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Profile: The challenged Chinese youngster with an art work displayed in the Louvre

Zuo Wenjun has never been to France. However, a painting by the 34-year-old man had crossed the continent and was on exhibit in the Louvre in France, some 8,000 kilometres away.

The painting, Mount Kangrinboqe, was shown at a three-day La Lumiere exhibition in April and was completed by a man from northwest China's Ningxia Hui Autonomous Region, who was diagnosed with cerebral palsy when he was a child.

Admitting that he hasn't been to Xizang, where Mount Kangrinboqe is located, Zuo said that the artwork was based on his "observation of photos and philosophical thinking." "Painting is the best thing that I can do," said the man proudly.

Born into a working-class family, Zuo found it hard to balance his body from a young age due to the illness, later he only learned to walk at the age of eight. The scars on his knees are visible even today.

Not able to run around like other children, he fell in love with reading. Reminiscing, his parents gave him a box of chalks to play with, and he drew a few squares on the ground with his hands shaking. All these activities stirred him to begin his painting dream.

He became an art student in junior high school. When learning sketching, he tried his best to draw straight lines but often found himself unable to control his hands well. He used a dozen pencils a day, which meant his mother had to spend a couple of hours in the evening sharpening pencils for him.

"I had good ideas but I couldn't control my hands, which made me really fretful," Zuo recalled. "However, the harder it was, the more I wanted to break the limit of my body."

Practice makes perfect. Zuo later became a student at Ningxia University majoring in art, before pursuing further studies at the Chinese National Academy of Art in Beijing.

His wife Ma Chanyuan was a good companion during the process, as she encouraged him to pursue his dream. "I am very grateful to her. Without her I wouldn't be brave enough to go to Beijing," Zuo said emotionally. On her birthday, he copied Van Gogh's "Irises" as a gift for her, and the flower stands for "the messenger of love."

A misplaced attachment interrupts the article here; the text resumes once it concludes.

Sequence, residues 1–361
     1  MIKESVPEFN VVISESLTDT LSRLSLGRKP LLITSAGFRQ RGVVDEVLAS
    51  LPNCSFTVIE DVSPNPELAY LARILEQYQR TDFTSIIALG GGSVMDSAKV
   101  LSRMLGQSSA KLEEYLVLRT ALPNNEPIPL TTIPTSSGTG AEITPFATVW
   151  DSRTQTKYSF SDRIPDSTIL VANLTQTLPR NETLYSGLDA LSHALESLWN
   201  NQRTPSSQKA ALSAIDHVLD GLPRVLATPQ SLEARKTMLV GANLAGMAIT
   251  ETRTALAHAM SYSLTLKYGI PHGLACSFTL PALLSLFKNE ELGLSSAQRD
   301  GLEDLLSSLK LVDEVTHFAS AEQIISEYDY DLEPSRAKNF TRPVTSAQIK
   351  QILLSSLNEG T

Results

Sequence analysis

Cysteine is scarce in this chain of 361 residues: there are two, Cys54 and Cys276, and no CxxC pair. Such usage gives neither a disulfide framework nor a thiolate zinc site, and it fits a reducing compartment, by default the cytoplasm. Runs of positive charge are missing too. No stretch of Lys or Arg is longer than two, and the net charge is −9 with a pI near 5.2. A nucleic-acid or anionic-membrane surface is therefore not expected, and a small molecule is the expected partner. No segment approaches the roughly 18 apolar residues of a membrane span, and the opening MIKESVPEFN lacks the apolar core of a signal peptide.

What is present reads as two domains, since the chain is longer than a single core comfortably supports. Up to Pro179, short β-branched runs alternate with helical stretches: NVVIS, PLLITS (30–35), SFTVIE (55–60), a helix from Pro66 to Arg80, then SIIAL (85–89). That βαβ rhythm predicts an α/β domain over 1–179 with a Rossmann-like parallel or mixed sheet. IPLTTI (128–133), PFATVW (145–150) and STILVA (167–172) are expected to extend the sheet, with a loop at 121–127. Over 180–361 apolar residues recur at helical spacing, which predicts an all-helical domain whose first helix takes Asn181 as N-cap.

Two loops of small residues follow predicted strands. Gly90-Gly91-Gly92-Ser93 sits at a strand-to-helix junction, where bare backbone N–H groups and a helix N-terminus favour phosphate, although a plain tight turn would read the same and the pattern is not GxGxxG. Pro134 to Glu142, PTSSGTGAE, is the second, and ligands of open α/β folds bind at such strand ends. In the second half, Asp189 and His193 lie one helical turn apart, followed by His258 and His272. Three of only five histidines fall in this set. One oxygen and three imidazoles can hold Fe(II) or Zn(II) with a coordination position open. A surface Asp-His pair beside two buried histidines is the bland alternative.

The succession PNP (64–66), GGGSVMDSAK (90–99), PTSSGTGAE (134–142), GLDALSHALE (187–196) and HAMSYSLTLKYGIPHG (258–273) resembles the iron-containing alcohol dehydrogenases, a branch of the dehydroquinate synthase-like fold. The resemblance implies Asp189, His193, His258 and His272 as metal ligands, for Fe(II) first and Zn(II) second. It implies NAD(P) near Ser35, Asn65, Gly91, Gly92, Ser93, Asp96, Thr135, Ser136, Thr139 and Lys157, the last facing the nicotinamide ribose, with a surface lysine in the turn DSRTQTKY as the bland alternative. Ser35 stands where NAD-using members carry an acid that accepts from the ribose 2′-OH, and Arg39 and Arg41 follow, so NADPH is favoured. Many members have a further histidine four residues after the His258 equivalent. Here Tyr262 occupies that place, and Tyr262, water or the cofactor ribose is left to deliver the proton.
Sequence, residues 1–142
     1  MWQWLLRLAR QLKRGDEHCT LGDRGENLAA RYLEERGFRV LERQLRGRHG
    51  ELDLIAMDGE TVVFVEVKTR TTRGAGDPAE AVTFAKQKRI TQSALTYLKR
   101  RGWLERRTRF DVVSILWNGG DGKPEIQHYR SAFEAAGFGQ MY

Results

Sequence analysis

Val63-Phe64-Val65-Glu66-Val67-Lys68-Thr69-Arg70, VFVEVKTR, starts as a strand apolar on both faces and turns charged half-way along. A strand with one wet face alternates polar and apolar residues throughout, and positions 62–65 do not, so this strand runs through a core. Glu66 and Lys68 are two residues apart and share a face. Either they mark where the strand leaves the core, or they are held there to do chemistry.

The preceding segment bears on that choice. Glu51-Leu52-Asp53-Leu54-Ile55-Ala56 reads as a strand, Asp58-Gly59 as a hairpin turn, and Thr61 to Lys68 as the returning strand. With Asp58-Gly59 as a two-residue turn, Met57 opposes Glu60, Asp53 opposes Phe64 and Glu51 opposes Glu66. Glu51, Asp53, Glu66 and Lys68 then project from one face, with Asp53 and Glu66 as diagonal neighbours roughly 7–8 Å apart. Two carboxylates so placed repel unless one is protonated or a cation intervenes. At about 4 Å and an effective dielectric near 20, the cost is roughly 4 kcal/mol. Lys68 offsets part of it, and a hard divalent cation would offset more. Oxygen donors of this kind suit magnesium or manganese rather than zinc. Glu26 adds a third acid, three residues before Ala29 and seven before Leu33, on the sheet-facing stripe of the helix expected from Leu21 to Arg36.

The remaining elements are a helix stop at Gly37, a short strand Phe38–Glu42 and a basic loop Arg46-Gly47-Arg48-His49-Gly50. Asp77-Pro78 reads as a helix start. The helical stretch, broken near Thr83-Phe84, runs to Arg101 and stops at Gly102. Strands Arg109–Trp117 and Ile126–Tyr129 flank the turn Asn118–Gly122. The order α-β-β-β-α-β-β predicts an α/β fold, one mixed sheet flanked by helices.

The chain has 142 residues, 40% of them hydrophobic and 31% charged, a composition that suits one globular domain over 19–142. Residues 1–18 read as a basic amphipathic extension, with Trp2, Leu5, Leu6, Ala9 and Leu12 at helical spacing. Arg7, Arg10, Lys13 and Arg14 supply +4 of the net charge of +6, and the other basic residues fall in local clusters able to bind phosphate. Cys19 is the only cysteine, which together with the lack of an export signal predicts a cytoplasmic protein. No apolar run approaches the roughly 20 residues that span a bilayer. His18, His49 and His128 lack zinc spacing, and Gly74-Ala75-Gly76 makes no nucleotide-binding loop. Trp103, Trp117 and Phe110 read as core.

Ma, an accounting major, has spent three years learning painting from her husband. "He is optimistic and cheerful, but at the same time, he thinks deeply. He gave me a lot of guidance and made me fall in love with art."

Now studying psychology, she aims to help more people living with disabilities as well as encourage them to learn the art of painting with her husband.

Zuo has donated more than 400,000 yuan (about 55,420 U.S. dollars) he earned from painting sales to support children living with disabilities to afford medical operations. He also teaches painting to people living with disabilities and assists them with selling their artwork to supplement their income.

"During my journey, I received a lot of love and help, which I would like to pass on," said Zuo, who is now working in a studio provided by the Rongjinyuan community of Yinchuan, capital of Ningxia, for free.

Now the man still has difficulty holding his cup steadily and washing his hair by himself, apart from that he needs to concentrate when using chopsticks. But his surrealist oil paintings are very delicate. His most recent large-scale painting, "Asking the Sky," which took him two months to complete, depicts a space station and seven astronauts above the Earth, and contains his reflections on ancient Chinese philosophy with the details resembling a high-definition photograph.

To him, creating artwork is a way to extend one's life, because it can live forever.

"Life is like a painting," said Zuo, adding that whether it is beautiful or not depends largely on the details of the dark parts.

He hopes that in the future he could have a solo exhibition overseas like in the Louvre. "I want to exchange my ideas with people from around the world."

XinhuaKailun Sui

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